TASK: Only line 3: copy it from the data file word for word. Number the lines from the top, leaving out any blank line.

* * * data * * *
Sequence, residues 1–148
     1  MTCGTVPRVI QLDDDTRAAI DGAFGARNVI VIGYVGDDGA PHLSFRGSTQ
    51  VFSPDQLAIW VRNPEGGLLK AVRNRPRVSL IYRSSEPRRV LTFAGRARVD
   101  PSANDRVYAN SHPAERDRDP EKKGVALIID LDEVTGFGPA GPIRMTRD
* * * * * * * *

    51  VFSPDQLAIW VRNPEGGLLK AVRNRPRVSL IYRSSEPRRV LTFAGRARVD